BC Salmon Identification ChartPhoto courtesy of Steve Thiesfeld - WDFW.
Chinook Salmon - (Oncorhynchus tshawytscha)
More commonly known as a "king", "spring" or "tyee", the Chinook Salmon is the largest species of all pacific salmon. They are widely targeted by sportfishermen due to their robust strength and fine taste.
There are several distinct characteristics that separate a Chinook from the other salmonid species. The Chinook salmon has black gums, therefore it is also called a blackmouth. Its blue-green back and tail are completely covered with tiny spots. An average size Chinook can be between 10lb and 20lb, while a tyee is over 30lb.
Sockeye salmon - (Oncorhynchus nerka)
Also called red salmon or blueback salmon, is an anadromous species of salmon found in the Pacific Ocean. The same species when it occurs in landlocked bodies of water is called the kokanee. This species is the third most common type of Pacific salmon, after Pink and Chum.
A Sockeye Salmon can be as long as 33 inches (84 cm) and weigh 6 to 8 pounds (2.5 to 3.5 kilos). It has an elongated, torpedo shaped body, with an adipose fin, and a bluntly pointed snout. The gill rakers located just behind the head are long and closely spaced. Its colouration changes as it migrates from saltwater to freshwater in preparation for spawning. In freshwater, its colour is bright red with a pale green head; females may have green and yellow marks or stains. Its colour in saltwater is bluish-green on top, silvery on the bottom, with uniform, shiny skin.
Coho Salmon - (Oncorhynchus kisutch)
It is one of the top gamefish species in the Pacific Northwest, Coho Salmon are targeted by anglers due to their acrobatic skills and tasty meat both in the ocean and rivers. Characterized by its ability to retain its chrome appearance until the final spawning stage, the Coho Salmon is also commonly known as "silvers" or "bluebacks".
Coho salmon have many distinct features that separate them from other members of the pacific salmon species. Small rearing juveniles have parr marks that run across their entire body. They have white gums, black tongues and numerous spots along their back. During the ocean phase, their body is silver in colour, with a blue metallic back. Their square tail has a wide base that is scattered with some spots, normally on the upper portion. Adults averagely range between 4lb to 20lb, but fish beyond this range has been recorded in the past. Small prematured spawning males between 25cm and 35cm in length are known as "jacks". During spawning, adult male will develop a distinct "hooked nose". Body colouration during spawning is red.
Chum Salmon - (Oncorhynchus keta)
Also known as a "dog salmon" due to its canine appearance during the spawning phase, chum salmon is one of the favorite target species among anglers due to their high abundance and powerful strength. Although they are not known as a great table fish, they are economically important as they make up a large portion of the commercial catches each year.
During the ocean phase, chum salmon possess the metallic blue colour on their back while the rest of the body remains silver, similar to their salmonid cousins. It is difficult to distinguish between a chum salmon and a coho or sockeye salmon without a close examination of the fins and gill rakers during this phase. Chum salmon have fewer but larger gill rakers. Once they enter the rivers, their spawning colours emerge. Streaks of purple, green, pink bars can be seen on the side of their body. A hook snout and large teeth will develop in males while a lateral black streak can be seen in females. At spawning age, most fish will range between 10 and 20 pounds while the odd 25 pounds+ can be found occasionally.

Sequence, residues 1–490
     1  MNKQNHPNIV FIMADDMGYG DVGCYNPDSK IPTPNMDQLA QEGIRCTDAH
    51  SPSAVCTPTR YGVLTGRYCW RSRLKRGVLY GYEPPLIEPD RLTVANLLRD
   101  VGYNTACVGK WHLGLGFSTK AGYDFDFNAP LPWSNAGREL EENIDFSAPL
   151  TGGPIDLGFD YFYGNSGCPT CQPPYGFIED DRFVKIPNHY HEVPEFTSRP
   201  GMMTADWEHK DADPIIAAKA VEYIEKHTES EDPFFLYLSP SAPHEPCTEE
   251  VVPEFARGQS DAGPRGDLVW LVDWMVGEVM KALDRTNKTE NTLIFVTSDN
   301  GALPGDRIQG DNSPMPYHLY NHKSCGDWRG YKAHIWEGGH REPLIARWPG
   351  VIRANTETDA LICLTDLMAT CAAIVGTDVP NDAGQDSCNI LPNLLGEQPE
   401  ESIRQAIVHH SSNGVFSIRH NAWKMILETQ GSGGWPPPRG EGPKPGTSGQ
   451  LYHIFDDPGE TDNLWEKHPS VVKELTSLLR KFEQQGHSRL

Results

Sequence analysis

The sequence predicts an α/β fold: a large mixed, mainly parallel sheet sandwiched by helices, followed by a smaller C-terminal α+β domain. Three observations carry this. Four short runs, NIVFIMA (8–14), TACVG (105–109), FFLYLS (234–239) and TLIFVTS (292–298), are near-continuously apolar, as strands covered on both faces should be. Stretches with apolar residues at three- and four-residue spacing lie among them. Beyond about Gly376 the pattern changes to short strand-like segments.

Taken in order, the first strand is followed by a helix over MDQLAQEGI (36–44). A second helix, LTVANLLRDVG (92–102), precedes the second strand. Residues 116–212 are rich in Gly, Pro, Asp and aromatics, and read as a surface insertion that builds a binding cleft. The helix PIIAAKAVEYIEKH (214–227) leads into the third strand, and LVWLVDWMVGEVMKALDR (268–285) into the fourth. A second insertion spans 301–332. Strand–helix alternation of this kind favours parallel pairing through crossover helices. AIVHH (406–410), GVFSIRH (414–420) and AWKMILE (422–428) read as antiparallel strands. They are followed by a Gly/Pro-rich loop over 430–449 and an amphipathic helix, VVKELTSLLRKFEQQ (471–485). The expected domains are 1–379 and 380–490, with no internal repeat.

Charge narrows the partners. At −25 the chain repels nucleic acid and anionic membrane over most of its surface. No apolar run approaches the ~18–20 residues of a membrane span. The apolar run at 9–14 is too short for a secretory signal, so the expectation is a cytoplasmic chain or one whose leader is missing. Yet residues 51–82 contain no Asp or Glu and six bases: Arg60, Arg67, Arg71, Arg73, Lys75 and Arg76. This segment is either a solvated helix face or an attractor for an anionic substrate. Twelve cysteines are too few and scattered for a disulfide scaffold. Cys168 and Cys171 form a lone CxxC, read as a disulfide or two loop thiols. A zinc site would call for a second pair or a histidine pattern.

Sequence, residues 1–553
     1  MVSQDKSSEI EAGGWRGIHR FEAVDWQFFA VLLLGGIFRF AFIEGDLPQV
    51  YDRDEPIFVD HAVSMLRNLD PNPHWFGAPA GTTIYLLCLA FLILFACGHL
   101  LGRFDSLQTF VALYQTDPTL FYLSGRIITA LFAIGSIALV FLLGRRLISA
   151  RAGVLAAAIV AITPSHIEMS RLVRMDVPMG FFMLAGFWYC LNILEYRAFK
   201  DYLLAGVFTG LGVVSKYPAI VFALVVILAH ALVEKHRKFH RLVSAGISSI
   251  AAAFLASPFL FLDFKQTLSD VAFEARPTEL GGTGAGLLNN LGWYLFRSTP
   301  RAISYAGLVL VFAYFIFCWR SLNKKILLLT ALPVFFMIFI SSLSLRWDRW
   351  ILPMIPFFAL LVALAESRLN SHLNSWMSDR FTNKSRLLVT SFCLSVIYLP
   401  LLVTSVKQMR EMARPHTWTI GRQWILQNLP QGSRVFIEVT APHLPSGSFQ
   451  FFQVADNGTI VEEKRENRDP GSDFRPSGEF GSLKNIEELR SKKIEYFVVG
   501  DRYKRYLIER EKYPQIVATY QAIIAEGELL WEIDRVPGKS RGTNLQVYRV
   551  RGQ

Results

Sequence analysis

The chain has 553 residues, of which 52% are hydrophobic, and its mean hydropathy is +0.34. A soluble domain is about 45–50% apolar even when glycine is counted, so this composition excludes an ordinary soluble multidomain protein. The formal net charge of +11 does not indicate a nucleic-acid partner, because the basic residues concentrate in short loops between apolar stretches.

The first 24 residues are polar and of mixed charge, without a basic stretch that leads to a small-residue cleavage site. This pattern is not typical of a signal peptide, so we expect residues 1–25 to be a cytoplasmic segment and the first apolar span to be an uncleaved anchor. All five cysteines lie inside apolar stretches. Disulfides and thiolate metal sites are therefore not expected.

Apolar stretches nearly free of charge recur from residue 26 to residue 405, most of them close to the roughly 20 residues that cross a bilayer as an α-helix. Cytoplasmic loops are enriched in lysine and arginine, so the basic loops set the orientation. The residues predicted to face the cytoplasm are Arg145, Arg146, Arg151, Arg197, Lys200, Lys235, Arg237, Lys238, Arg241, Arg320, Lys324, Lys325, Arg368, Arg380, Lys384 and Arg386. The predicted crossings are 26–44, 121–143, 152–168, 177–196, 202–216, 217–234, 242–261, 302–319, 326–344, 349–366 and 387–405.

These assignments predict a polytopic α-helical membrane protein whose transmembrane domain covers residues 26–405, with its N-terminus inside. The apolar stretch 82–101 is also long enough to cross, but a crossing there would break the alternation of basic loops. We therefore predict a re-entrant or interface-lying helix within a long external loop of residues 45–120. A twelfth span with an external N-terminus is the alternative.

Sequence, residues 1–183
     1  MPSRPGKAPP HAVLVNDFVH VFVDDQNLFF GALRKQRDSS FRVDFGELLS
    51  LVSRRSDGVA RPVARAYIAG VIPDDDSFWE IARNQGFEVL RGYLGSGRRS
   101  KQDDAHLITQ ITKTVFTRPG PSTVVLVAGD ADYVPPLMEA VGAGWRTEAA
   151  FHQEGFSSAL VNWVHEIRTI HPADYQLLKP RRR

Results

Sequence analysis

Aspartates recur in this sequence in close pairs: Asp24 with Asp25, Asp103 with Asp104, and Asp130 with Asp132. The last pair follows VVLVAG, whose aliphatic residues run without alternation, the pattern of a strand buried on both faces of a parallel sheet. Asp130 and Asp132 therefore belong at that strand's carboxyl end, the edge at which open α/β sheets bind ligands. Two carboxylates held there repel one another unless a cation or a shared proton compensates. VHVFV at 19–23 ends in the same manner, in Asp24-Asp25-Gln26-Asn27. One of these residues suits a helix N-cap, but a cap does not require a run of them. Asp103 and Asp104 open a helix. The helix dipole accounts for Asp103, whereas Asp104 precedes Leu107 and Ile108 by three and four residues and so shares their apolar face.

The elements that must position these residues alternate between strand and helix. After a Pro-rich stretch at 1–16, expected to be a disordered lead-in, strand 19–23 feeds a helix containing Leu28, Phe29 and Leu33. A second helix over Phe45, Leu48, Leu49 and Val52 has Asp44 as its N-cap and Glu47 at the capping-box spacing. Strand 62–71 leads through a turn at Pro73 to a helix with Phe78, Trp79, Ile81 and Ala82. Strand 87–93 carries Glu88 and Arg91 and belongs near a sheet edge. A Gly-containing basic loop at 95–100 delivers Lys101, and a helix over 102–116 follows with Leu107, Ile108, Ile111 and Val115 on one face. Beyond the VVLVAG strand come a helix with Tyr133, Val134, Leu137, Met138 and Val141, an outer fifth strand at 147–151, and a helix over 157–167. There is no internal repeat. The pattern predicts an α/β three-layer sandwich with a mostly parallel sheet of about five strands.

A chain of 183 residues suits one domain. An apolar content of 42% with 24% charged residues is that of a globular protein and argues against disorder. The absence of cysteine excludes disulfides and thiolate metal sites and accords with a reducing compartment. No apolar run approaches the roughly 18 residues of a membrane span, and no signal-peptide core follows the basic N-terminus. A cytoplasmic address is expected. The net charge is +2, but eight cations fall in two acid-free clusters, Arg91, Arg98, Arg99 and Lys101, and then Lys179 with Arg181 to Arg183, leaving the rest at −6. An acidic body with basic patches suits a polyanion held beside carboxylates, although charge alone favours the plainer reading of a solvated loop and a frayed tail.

Pink Salmon - (Oncorhynchus keta)
Due to their short life span, the pink salmon is the smallest member of the five pacific salmonid species. Each year, between July and September, one can find millions of "humpbacks" migrating into all the major rivers. Despite it does not grow very large, pink salmon is a great sportfish. Its willingness to take lures and flies makes it one of the favorite species for anglers at all ages in the Pacific Northwest.
Pink salmon belongs in the Salmonidae family, it is closely related to its large cousins such as the chinook, coho, sockeyes and chums. The average size of a pink is between 4 to 6 pounds, but monsters up to 12 pounds can be caught at times. In the juvenile stage, unlike other salmon species, pinks are silver in colour and do not have any marks (spots or parrs). The morphological characteristics are quite distinct, so they are very easy to be identified. When in the ocean, pinks are silver in colour, with a slightly darker back. Large oval spots can be found along its back, as well as the entire tail fin of the fish. These spots are much larger than the spots on a coho and chinook salmon. During the fall migration, adult male will undergo changes in morphology. A hump back and a slight hooked jaw will develop, while females remain relatively normal in body shape and colour. As they migrate into streams for spawning, their body colour will turn to dark green.
Photo courtesy of the WDFW.
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